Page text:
UNEMPLOYMENT UPDATE: Will improving inflation and employment figures put pressure on Bank of England to raise rates?

Graham Pontin

Interest rate rises: data says yes, capacity gap says no. Graham Pontin explains.

Mark Carney, the Governor of the Bank of England, this week outlined changes to the forward guidance regime, which is intended to provide clarity as to how the Bank of England will react given future economic conditions. 

As such the guidance should reinforce and bolster market expectations, so that individuals and companies react to policy announcements, and vice-versa in a way that can be anticipated by policymakers.

This improved two way interaction and understanding of future policy and economic conditions is intended to bridge the gap between the short and long term expectations about how the economy will perform.


Yesterday's unemployment figures surprised markets performing below expectations and reporting a rate of 7.2% compared to January’s  release that reported a rate of 7.1%.  On the previous quarter, however, the rate improved 0.4%, and employment remained at 30.15 million people.

 The latest data will therefore provide some reassurance to the Bank of England and support its view that there is still room for improvements in productivity and reducing spare capacity before it needs to consider an interest rate increase. Doing so too soon would threatens the recovery, by restricting disposable incomes at a time when inflation remains above wage growth and by stifling  investment and thus potentially damaging long term growth prospects. 

 Having said this, whilst general inflationary pressures may have eased and labour market improvements slowed, house price inflation (especially in London and the South East) will encourage individuals to bring forward potential property purchases to pre-empt future interest rate rise. So whilst the latest data ought to help alleviate expectations of an earlier interest rate increase, in reality those who managed to save for a deposit through the recession are unlikely to adjust their perception of the risk of a rise.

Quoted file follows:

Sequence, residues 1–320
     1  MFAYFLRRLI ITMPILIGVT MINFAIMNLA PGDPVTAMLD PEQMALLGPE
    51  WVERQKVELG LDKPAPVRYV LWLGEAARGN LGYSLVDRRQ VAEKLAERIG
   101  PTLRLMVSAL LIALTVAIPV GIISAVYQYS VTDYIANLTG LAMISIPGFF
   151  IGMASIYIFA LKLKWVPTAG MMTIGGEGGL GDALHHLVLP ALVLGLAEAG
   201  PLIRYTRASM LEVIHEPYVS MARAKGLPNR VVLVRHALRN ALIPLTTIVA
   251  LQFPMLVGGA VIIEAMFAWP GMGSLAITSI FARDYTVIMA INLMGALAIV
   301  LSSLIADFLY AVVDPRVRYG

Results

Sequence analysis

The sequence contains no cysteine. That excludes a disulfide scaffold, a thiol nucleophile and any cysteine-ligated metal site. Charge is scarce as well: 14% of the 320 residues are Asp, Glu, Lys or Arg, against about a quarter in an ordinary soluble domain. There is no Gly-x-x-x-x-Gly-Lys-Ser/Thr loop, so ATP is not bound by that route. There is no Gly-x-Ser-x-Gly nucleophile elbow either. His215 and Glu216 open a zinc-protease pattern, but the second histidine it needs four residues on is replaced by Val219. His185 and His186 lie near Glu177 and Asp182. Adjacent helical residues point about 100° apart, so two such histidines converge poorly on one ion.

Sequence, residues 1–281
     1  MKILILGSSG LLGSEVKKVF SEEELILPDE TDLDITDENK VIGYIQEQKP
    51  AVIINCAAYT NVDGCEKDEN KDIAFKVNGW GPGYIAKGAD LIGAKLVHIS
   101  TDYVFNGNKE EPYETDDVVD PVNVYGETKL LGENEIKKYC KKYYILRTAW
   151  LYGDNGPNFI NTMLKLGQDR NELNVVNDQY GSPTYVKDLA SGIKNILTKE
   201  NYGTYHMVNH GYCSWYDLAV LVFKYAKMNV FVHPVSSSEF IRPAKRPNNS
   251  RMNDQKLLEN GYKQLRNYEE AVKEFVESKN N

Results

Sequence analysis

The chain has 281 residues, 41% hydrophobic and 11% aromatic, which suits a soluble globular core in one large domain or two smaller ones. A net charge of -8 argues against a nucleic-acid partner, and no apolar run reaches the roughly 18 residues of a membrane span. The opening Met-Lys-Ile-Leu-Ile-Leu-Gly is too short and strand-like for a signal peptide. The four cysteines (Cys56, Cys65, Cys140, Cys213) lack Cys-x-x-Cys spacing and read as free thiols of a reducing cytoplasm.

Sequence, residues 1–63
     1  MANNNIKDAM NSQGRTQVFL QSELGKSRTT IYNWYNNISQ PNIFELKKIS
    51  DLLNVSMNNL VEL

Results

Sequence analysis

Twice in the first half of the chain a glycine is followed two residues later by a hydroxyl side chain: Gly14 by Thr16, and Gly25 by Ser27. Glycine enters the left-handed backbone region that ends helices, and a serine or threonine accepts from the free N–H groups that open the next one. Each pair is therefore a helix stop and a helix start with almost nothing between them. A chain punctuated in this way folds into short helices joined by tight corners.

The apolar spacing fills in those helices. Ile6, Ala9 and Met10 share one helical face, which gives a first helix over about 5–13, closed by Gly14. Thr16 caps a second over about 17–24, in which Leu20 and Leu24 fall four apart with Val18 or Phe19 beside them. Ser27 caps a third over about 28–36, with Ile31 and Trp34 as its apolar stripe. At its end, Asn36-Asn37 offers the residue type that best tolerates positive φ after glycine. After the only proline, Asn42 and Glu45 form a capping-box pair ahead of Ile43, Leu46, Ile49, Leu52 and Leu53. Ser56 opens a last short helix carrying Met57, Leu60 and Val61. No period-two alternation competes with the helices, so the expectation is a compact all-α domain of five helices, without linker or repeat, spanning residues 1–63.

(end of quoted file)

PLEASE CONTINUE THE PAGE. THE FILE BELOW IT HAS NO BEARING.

As such, the Bank of England still has a very complex task in assessing the optimal time to signal a return to ‘normal’ interest rate conditions.

With inflation figures for January 2013 falling below target (1.9%) and employment figures out Wednesday and expected to be positive, the unemployment rate could fall below the 7% “knockout” (level) outlined by the Bank of England as part of its forward guidance at which point the Bank would consider raising interest rates. With an inflation rate that is hovering around the target rate of 2%, and data suggesting economic growth will continue to improve, there will be mounting pressure on the Bank of England to explore interest rate increases, shifting market expectations towards more normal (historic) interest levels.

While the unemployment knockout was a relatively straightforward measure which the market and individuals can understand, the new revised forward guidance is based around spare capacity and is more complex. This potentially introduces more uncertainty around whether the Bank will increase interest rates and by how much.

The Monetary Policy Committee’s view is that the economy is currently under-performing by about 1%-1½% of GDP, and that this ‘capacity gap’ needs to be eroded further before an increase in interest rates is appropriate. Spare capacity in the economy is not only wasteful but it also increases the risk that inflation will fall below the target rate of 2%. As such the Bank of England has given itself more flexibility and time before it has to consider raising rates to ensure that the economy does not overheat and high inflation take hold.

The extent of spare capacity in the economy is not easy to measure, however, and as a less well understood metric, much of the benefit of forward guidance may be lost. Additional reassurances also announced are therefore important. The Bank of England made it clear that when the base rate does start to rise it will do so in a gradual way and along an appropriate path to ensure inflation stays on target. In addition, the Bank will not look to reduce earlier quantitative easing until after the first interest rate rise occurs.

This is important to the infrastructure market because inflation expectations and interest rates have a significant effect on mortgages, savings and current account rates, and the expected return to investors. As such, the continued commitment of the Bank of England to hold down rates and ensure a future rise is gradual in nature, will help the market to keep the costs of debt down, benefiting house buyers, disposable incomes and business investment. This will further encourage investors to look at infrastructure as an alternative means of earning reasonable and sustainable returns.

Graham Pontin is senior economist at the Association for Consultancy & Engineering